Uveal melanoma is highly aggressive, and overall prognosis depends on mutation status. Fine-needle aspiration biopsies (FNABs) play an important role in obtaining fresh tissue for cytologic diagnosis and molecular studies. It has been suggested that, although FNAB usually provides high diagnostic accuracy, there may be limited cellularity, which may compromise diagnostic potential for molecular studies. FNABs of uveal melanocytic lesions were evaluated to assess sample adequacy for both cytologic evaluation and next-generation sequencing (NGS).
The authors retrospectively evaluated 36 cases of melanocytic uveal lesions from 2015 to 2018. Samples were obtained by ophthalmologist-performed FNAB and aliquoted for cytology and NGS. Various combinations of direct smears, liquid-based cytology slides, cell blocks, and immunohistochemical stains for melanocytic markers were performed. All samples were tested for molecular alterations using hybrid-capture-based NGS.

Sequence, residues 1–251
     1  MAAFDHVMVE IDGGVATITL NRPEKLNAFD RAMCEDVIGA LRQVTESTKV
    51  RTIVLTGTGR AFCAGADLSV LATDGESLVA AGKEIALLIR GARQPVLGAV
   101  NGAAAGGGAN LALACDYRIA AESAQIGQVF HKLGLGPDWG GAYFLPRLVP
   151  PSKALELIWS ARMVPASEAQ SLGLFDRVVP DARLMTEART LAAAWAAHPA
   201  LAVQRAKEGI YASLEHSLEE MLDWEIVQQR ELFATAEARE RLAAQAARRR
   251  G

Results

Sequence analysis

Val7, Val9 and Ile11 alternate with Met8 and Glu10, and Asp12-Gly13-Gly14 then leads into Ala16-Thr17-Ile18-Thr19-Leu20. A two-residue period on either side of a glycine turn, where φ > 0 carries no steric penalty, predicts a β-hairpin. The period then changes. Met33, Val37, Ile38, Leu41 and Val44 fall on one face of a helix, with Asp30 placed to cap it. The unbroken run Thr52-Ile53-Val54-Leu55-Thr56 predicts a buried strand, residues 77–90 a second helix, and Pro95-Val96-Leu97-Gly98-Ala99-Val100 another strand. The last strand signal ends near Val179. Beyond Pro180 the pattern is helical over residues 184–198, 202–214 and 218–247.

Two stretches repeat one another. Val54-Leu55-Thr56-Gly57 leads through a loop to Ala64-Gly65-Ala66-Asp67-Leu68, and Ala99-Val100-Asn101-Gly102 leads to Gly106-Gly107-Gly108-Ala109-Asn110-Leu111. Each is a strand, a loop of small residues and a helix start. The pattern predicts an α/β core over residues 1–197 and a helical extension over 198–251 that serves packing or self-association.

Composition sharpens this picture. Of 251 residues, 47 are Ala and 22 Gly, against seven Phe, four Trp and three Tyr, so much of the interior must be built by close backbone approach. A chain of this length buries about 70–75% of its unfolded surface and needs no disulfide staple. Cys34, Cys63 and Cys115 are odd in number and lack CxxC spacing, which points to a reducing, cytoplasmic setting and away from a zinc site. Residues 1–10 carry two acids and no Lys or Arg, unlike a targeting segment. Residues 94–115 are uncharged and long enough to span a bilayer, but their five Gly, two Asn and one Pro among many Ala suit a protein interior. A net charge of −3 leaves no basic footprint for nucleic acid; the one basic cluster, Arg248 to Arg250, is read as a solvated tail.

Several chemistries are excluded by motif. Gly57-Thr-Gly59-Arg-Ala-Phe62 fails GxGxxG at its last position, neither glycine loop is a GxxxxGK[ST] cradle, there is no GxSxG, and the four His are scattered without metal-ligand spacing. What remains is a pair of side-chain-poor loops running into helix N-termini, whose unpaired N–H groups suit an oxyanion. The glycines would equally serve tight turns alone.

There was sufficient material for cytologic diagnosis in 33 of 36 cases (92%), for NGS testing in 30 of 36 cases (83%), and for both cytologic diagnosis and NGS testing in 28 of 36 cases (78%). Of 7 cases that were cytologically categorized as indeterminate or diagnosed as "atypical" or "nondiagnostic," NGS testing was sufficient and diagnostic for melanoma in 5 cases. Of the cases diagnosed as melanoma on pathology, 20 cases (87%) had concordant NGS testing results, 2 lacked molecular alterations, and 1 was insufficient for testing.
FNA sampling of melanocytic uveal lesions is adequate for both cytologic diagnosis and NGS testing. In a subset of cases in which pathologic findings were indeterminate, NGS testing results were clarifying for diagnosis. In addition, specific molecular alterations identified can aid in evaluating prognosis and guide further management.